Dog can't stop hugging the man who rescued her from being slaughtered

Pedro Marrero
Feb 08, 2019
12:19 P.M.
Share this pen

A dog that was rescued from a horrible death in a Cambodian slaughterhouse showed its vulnerability to the man who saved its life, and the animal advocate couldn’t help but falling in love with the animal.


48-year-old French-born Michael Chour has dedicated more than a decade of his life to protect the lives of dogs that are part of the Asian dog meat trade, establishing his foundation in Thailand, as The Dodo reported.

Chour has done a great job in his mission to fight dog meat consumption in Thailand, where the government forbid the practice in 2014, and he has been crossing to Cambodia, where it is still legal, to rescue dog for 14 years.

When Chour, a medical doctor, found out about the dog slaughterhouse in South East Asia, he was shocked and created The Sound of Animals to prevent as many dogs to be kill for their meat and find them a loving family.


Although he has been involved in this activity for so long, there was a particular dog that became very special for him, when he could sense the animal’s fear. Read more on our Twitter account @amomama_usa



Recently, Chour and his team were on a mission in Chomkachek, Cambodia, where they managed to persuade the owner of a local slaughterhouse of letting his foundation take 17 dogs with them.

As the team of rescuers got the dogs on a truck to take them to a temporary shelter in O Smach, also in Cambodia, Chour noticed that one of the animals had trouble understanding that he was finally save, and she was petrified in a corner.


When the group arrived at its destination, Chour carried the female dog in his arms, and felt how the traumatized animal didn’t want to be let go of this man’s embrace. Touched, Chour stay with her in her arms for more than an hour and a half.

During that time, the two formed an unbreakable bond, and Chour gave her the name of Sweety.


“She cuddled tenderly, and let me kiss her. My heart melted, and I could not restrain my tears,” he said.

“I see too many horrible things in all these slaughterhouses I visit. I love to see them understand that they will live and receive love.”

-Michael Chour, The Dodo, April 4, 2018

Usually, after the dogs are rescued, they are send to a temporary shelter where they take care of their health issues and trauma, and then to a large shelter before the team manages to find them a proper home.


But Sweety’s journey ended with Chour, who decided to take her as his own pet. “All dogs have the right to a life of happiness, but some of them touch my heart more than others. She is one of them,” he explained.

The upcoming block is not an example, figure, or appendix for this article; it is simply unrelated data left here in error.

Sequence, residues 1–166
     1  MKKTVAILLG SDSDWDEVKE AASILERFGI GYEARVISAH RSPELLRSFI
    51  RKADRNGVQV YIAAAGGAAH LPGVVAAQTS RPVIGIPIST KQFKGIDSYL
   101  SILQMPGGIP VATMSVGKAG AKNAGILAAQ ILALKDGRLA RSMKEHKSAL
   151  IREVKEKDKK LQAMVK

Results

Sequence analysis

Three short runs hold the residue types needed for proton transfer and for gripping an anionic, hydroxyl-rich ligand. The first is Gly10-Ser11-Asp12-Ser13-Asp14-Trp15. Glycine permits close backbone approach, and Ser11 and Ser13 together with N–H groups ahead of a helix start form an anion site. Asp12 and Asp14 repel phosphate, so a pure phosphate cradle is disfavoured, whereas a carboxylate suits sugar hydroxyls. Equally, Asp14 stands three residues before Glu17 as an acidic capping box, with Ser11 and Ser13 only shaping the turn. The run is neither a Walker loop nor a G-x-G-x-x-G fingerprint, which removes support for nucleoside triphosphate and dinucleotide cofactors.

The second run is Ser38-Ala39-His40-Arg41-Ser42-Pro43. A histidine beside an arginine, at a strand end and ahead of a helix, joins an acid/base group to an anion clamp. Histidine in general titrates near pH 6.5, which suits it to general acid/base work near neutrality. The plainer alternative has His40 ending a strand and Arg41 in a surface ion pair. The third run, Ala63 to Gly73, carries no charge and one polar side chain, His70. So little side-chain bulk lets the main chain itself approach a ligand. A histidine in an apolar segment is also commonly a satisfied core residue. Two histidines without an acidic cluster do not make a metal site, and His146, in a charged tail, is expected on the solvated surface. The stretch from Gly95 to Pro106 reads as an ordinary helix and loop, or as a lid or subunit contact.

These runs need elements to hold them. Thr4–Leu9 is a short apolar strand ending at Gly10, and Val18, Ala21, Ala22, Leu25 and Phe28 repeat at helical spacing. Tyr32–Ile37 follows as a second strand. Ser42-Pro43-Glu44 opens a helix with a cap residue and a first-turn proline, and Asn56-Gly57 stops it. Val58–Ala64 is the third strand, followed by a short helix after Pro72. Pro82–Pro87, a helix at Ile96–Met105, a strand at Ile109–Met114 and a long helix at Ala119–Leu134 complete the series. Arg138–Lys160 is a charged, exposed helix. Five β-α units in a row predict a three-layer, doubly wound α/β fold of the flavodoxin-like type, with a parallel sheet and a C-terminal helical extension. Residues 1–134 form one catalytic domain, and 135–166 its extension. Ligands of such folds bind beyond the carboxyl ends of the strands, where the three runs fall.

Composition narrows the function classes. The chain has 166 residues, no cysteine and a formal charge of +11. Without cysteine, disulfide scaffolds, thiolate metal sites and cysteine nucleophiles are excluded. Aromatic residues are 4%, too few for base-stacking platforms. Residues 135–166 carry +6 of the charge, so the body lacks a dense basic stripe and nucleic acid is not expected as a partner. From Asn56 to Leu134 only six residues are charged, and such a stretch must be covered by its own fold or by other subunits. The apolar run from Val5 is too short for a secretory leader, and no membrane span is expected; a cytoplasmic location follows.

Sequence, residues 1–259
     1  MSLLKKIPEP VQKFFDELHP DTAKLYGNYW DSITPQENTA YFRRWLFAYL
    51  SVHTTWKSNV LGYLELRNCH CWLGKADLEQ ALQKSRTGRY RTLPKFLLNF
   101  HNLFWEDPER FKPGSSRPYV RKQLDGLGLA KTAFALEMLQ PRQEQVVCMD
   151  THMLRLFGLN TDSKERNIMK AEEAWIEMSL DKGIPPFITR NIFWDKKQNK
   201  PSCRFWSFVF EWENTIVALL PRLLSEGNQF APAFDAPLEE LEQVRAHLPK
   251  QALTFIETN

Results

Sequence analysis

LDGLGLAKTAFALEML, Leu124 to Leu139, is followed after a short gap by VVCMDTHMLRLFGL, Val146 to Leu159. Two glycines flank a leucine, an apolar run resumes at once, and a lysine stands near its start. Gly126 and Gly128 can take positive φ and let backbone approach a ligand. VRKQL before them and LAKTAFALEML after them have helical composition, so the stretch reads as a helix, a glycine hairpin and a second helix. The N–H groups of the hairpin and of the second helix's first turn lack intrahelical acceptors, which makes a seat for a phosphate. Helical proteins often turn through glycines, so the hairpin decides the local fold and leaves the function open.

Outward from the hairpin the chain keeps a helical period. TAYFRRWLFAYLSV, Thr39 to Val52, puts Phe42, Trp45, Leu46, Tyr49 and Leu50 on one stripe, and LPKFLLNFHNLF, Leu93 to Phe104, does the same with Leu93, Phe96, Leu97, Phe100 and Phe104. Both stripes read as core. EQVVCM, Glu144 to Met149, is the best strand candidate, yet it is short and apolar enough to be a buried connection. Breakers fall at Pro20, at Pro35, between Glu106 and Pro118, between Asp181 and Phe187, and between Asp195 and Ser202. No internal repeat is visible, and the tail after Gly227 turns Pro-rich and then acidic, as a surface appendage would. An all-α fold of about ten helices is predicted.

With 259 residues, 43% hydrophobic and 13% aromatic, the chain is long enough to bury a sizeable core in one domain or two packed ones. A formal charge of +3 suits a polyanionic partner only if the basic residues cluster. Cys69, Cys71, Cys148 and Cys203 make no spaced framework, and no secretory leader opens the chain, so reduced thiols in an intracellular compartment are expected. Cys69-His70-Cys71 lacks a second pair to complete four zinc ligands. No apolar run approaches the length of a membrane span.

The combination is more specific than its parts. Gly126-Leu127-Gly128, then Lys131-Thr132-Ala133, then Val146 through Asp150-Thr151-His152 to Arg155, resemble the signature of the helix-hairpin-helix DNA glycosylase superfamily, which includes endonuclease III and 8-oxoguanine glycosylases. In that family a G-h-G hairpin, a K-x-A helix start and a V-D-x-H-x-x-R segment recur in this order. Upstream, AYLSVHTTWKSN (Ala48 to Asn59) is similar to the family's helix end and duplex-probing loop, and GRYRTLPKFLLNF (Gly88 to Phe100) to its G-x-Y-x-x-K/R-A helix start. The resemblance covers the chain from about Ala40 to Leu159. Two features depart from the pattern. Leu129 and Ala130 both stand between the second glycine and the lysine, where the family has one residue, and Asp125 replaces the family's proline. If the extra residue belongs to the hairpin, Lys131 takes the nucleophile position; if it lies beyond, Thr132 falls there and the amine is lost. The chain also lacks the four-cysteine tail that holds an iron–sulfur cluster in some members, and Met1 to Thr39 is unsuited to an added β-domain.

Chack Chack

When an animal welfare act was approved by the Thai government in 2014, the dog farms were dismantled. The legal measure took thousands of dogs out of slaughterhouses but left them with no place to live or people to take care of them.

Given that situation, Chour and his team’s work in the country was far from done, and they continue to look for animals in need to offer them their help and love. In another of his tours, Chour also met a dog that stole his heart.


Chour found a very skinny dog at the verge of death by the side of the road and stop to take a look of him. He found out that he was dehydrated and could barely walk.

Trying to learn more about the dog, which he later named Chack Chack, Chour discovered that people were afraid of him and only occasionally the villagers gave him food.


With that information, Chour went on to approach Chack Chack with great precaution, only to confirm that there was nothing to be afraid of about his new friend.

After taking him to the veterinarian and regularly feeding him, Chack Chack recovered his health and happiness, and Chour found him a foster home where he can go visit him every day.

Hope For Paws

When we see how animals in distress react when they are rescued, how they are overcome by emotion when they finally meet someone who cares about them and who they can trust, it is impossible to deny that they are grateful and relieved.


When Eldad Hagar and Loreta Frankonyte, volunteers for the rescue group Hope For Paws found an abandoned and abused german shepherd, the animal was clearly needing help, but his fear of humans made her hostile.

The two animal advocates had to go through a lot to convince the dog that they were there to help, and not to harm her. But within minutes, the dog felt she could trust Frankonyte and she only accepted to ride to the shelter in her arms.

After that, it only took a couple of weeks to this dog to recover her health and trust for humans, and soon she was on her way to her new home.